I FELL IN LOVE with neurosurgery at first sight, almost 40 years ago, when I first saw an aneurysm operation.
Aneurysms are fragile blowouts only a few millimeters wide, growing off the major cerebral arteries. They can rupture without warning, causing death or a major stroke. The surgeon puts a microscopic clip across the aneurysm to prevent such a rupture. But if the surgeon bursts the aneurysm while trying to clip it—a small but very real risk—the patient can die or suffer a catastrophic stroke, causing the very harm that you are trying to prevent. The operation combined exquisitely difficult, microscopic surgery with all the excitement of bomb-disposal work, without any risk to the surgeon.
A career in neurosurgery appealed to my competitive, alpha-male nature, as well as to my deep intellectual fascination with the brain. What could be more glorious than being a brain surgeon? I signed up for the specialty more or less the next day.
Now, facing retirement, I am still in love with neurosurgery, but my view of it has changed profoundly. I soon came to understand that brain surgery is very crude relative to the microscopic intricacy of the brain. Our main tool is a small sucker, two millimeters in diameter, 50 times as large as the average brain cell—a low-tech device in the face of such complexity.
Worse, the brain has only a limited capacity to recover; it doesn’t heal like bone, muscle or other tissues. So brain surgery is particularly dangerous, risking not only death, paralysis or blindness but also changes to our intellect and personality—our very being.
The difficulty of neurosurgery lies not so much in the operating as in the decision-making. Surgeons must balance the risks and benefits of surgery against the risks and benefits of not operating. These are probabilities, not certainties, and they are easy to misjudge.
Overtreatment is a major problem in modern medicine, especially in the U.S. The patient may be perfectly well after an operation that was actually a mistake—one in which a less biased or emotional assessment would have shown that the probable risks of not operating were less than the probable risks of operating. My worst mistakes—the times patients came to harm at my hands—have almost always stemmed from bad decision-making on my part.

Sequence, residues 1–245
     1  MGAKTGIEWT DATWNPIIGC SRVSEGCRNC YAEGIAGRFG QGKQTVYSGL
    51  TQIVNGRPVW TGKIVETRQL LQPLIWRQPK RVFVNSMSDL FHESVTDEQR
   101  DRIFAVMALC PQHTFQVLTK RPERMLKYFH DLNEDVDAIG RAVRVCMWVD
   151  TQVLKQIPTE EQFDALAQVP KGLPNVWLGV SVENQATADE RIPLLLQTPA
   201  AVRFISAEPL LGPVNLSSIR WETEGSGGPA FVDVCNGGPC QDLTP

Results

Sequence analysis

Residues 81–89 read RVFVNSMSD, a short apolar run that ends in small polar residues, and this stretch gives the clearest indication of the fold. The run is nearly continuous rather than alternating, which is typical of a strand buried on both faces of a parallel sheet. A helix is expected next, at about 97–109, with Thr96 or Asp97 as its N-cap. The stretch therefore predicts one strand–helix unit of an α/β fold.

Other people are always better at seeing our blunders than we are. Only toward the end of my career did I fully grasp the importance of having good colleagues willing and able to criticize me.
In a safe surgical department, the senior surgeons get on well and don’t feel threatened by each other. This often doesn’t happen. Surgical egos are large. One cannot carry out high-risk surgery if one suffers from low self-esteem. Teamwork doesn’t—and to some extent shouldn’t—come naturally to surgeons.
It is also dangerously easy to become corrupted by your patients’ gratitude, which can often verge on adulation (although it is, of course, grounded in fear). You can be rude with patients, but if their operation goes well, they will still think you are wonderful. And if the patient “does badly,” we have many ways of exculpating ourselves. We can blame the pathology, the anesthetist, the equipment or the postoperative care, all of which lets us continue to see ourselves as the infallible, Godlike creature that our poor, frightened patients want us to be.
As the French surgeon René Leriche put it, all surgeons carry within themselves an inner cemetery containing the headstones of the patients who came to harm at our hands. The triumphs are triumphant only because disasters also occur.
Complacency, I have learned, is the worst of all surgical sins. All doctors face the central challenge of balancing professional detachment with painful compassion. You can care too much for your patients and become overwhelmed—because however skillful and diligent you are, some of your patients will suffer and die.
But if you fail to suffer with them to at least some extent, you will have lost not only your humanity but also your drive to do better. I still love the struggle to find this balance—and to justify the respect and confidence that our patients have little choice but to place in us.
Dr. Marsh is the author, most recently, of “Admissions: Life as a Brain Surgeon,” which will be published by St. Martin’s on Oct. 3.